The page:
The Rocky Horror Show
Marlowe Theatre, Canterbury
An evening at the theatre watching the Rocky Horror Show is unlike any other.
For starters, audience members turn up sporting weird and wonderful outfits, from corsets and suspenders to bloodstained surgical aprons.
And they also play a large part in the show itself, shouting out scripted heckles, waving glow sticks during the song There's a light (Over At The Frankenstein Place), and, of course, joining in the Time Warp dance.
It has been 40 years since Richard O'Brien's Rocky Horror Show made its stage debut, but the musical hasn't lost any of its ability to shock and delight.
This anniversary production stars Dani Harmer (Tracy Beaker, Strictly Come Dancing 2012) as Janet, and Ben Forster (winner of ITV talent show Superstar) as Brad, the innocent college kids whose car breaks down outside a mysterious old castle, where they encounter transvestite Dr Frank N Furter, his “perfect” creation Rocky, and other wacky characters.
Dani may be best known as a straight actress, but she has a fantastic singing voice, demonstrated particularly during her solo Touch Me, in which she also has to strip and seduce Rocky while dancing and singing.
Ben also has a spectacular voice, and the pair make a superb team, getting the show off to a great start with their tongue-in-cheek number Damn It, Janet.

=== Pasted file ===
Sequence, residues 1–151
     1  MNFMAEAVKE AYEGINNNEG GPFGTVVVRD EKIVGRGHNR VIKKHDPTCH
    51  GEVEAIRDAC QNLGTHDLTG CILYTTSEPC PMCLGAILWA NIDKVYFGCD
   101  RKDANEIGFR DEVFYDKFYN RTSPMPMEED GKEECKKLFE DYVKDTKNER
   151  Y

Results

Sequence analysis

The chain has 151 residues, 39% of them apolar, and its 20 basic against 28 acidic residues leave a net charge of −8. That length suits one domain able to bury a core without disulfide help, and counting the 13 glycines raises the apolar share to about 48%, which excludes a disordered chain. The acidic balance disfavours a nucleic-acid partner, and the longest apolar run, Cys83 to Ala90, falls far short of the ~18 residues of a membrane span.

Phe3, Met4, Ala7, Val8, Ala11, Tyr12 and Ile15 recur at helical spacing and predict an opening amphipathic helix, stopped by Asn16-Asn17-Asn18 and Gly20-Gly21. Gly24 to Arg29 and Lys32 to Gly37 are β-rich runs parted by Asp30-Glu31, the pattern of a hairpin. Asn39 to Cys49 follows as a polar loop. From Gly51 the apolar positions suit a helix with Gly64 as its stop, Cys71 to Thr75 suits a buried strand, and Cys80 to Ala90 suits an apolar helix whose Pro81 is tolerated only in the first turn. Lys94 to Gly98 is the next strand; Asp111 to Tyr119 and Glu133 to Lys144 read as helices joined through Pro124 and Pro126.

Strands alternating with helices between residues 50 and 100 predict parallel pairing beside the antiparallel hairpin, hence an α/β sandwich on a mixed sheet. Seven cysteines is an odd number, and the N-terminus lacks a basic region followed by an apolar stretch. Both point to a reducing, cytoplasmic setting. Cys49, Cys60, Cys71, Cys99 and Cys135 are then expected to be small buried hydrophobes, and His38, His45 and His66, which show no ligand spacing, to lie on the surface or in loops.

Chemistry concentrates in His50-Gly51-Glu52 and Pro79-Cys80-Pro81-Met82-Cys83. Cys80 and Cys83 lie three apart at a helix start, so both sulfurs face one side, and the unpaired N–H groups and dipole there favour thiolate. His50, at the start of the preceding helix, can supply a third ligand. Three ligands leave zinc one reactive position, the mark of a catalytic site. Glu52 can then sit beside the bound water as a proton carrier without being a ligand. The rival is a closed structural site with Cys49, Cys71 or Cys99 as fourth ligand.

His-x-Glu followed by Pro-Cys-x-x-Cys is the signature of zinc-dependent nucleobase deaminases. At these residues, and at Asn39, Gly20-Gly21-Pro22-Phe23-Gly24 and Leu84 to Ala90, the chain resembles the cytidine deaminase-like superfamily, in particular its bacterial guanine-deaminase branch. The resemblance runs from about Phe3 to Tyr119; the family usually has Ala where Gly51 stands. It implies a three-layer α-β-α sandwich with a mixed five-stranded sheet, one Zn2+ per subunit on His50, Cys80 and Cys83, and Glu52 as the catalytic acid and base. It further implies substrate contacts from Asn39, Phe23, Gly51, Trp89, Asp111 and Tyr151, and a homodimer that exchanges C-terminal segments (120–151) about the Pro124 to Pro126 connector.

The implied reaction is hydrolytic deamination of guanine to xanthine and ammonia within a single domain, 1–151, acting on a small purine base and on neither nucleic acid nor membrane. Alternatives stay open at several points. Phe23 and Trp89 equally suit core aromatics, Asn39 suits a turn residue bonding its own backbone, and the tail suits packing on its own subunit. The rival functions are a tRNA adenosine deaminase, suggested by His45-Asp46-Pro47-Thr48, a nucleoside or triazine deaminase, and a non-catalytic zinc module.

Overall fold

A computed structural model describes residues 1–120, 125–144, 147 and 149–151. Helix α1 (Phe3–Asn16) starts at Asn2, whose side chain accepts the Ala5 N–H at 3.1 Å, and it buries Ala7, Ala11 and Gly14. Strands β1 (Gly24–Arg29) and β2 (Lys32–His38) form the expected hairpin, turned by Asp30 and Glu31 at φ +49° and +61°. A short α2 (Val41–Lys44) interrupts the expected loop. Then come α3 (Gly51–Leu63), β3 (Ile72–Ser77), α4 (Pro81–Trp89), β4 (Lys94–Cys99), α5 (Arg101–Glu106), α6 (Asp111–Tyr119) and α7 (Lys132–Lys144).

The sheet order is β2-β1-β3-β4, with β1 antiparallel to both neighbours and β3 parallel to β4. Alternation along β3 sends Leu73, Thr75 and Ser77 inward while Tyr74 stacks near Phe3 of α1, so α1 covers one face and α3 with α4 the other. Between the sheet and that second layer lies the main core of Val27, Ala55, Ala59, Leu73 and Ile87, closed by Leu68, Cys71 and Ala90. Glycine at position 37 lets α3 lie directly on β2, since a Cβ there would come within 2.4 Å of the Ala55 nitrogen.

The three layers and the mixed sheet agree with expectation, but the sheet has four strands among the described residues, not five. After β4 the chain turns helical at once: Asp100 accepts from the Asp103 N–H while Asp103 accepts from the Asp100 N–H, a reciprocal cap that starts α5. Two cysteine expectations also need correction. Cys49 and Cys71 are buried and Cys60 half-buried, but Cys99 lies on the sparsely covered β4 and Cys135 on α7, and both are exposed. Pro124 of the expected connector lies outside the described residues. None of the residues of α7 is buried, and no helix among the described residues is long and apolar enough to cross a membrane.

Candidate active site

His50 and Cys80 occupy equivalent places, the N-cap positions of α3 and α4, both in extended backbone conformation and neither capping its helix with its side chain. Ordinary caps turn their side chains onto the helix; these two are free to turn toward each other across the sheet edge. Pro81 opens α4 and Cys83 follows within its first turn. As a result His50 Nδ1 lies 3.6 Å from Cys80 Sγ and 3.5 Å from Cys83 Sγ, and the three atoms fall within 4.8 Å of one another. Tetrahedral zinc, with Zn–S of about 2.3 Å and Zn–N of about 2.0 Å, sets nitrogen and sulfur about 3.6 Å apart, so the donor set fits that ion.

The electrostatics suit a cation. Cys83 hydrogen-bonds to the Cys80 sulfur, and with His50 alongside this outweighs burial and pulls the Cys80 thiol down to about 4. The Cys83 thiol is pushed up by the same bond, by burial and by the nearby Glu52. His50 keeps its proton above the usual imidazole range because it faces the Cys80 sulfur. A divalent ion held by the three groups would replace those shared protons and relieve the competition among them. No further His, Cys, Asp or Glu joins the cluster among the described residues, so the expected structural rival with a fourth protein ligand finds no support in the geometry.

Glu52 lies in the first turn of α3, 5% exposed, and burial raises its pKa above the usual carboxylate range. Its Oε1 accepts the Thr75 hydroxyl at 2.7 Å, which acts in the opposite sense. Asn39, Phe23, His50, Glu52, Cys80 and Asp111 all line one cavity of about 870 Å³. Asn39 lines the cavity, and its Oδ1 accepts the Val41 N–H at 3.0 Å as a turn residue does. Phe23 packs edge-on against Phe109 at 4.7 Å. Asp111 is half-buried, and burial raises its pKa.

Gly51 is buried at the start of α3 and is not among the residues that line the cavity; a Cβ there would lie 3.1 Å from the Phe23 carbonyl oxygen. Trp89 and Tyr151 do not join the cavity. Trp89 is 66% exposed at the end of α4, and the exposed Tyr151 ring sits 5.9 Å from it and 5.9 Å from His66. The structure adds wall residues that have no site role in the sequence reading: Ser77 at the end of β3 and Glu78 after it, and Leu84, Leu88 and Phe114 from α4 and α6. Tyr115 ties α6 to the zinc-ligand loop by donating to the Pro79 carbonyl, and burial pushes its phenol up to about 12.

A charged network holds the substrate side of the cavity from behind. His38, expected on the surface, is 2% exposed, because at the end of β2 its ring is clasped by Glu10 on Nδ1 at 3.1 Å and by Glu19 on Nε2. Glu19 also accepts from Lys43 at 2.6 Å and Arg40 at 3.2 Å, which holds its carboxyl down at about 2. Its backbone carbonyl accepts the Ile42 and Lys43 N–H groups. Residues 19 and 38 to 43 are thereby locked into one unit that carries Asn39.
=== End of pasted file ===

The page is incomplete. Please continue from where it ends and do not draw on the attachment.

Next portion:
They are ably backed by a fantastic supporting cast, particularly Christopher Luscombe as the Narrator, who coped admirably with the audience heckles, often hitting back with his own sharp one-liners.
But the real star of the show is Oliver Thornton as transvestite Dr Frank 'n' Furter.
From the moment he confidently struts out in his high heels, wearing heavy make-up, a woman's wig and long cloak - later removed to reveal a corset and suspenders - he owns the stage.
It is a demanding role, as Dr Frank is a completely bonkers mix of sexual predator and maniacal professor, but Oliver copes effortlessly with the challenge, oozing confidence and charm while also showing off his impressive vocal talents - and physique.
The plot of the Rocky Horror Show is as mad as its characters, but somehow it works, thanks to a tongue-in-cheek tone which makes very raunchy references and onstage antics seem somehow cheeky rather than offensive.
Another major factor is its great score, packed with catchy songs which you will be humming long after you leave the theatre.
Thanks to the audience participation and the cast's ad-libs, the show also has an informal, friendly atmosphere, resulting in almost the entire audience getting on their feet at the end of the night and dancing to the Time Warp - quite tricky in the small space behind a row of seats.
Whether you are a Rocky Horror virgin or a veteran, this show's high production values and spectacular cast make it a must-see.
The Rocky Horror Show is at the Marlowe Theatre until Saturday, August 17. Tickets from £15. Call 01227 787787 or click here.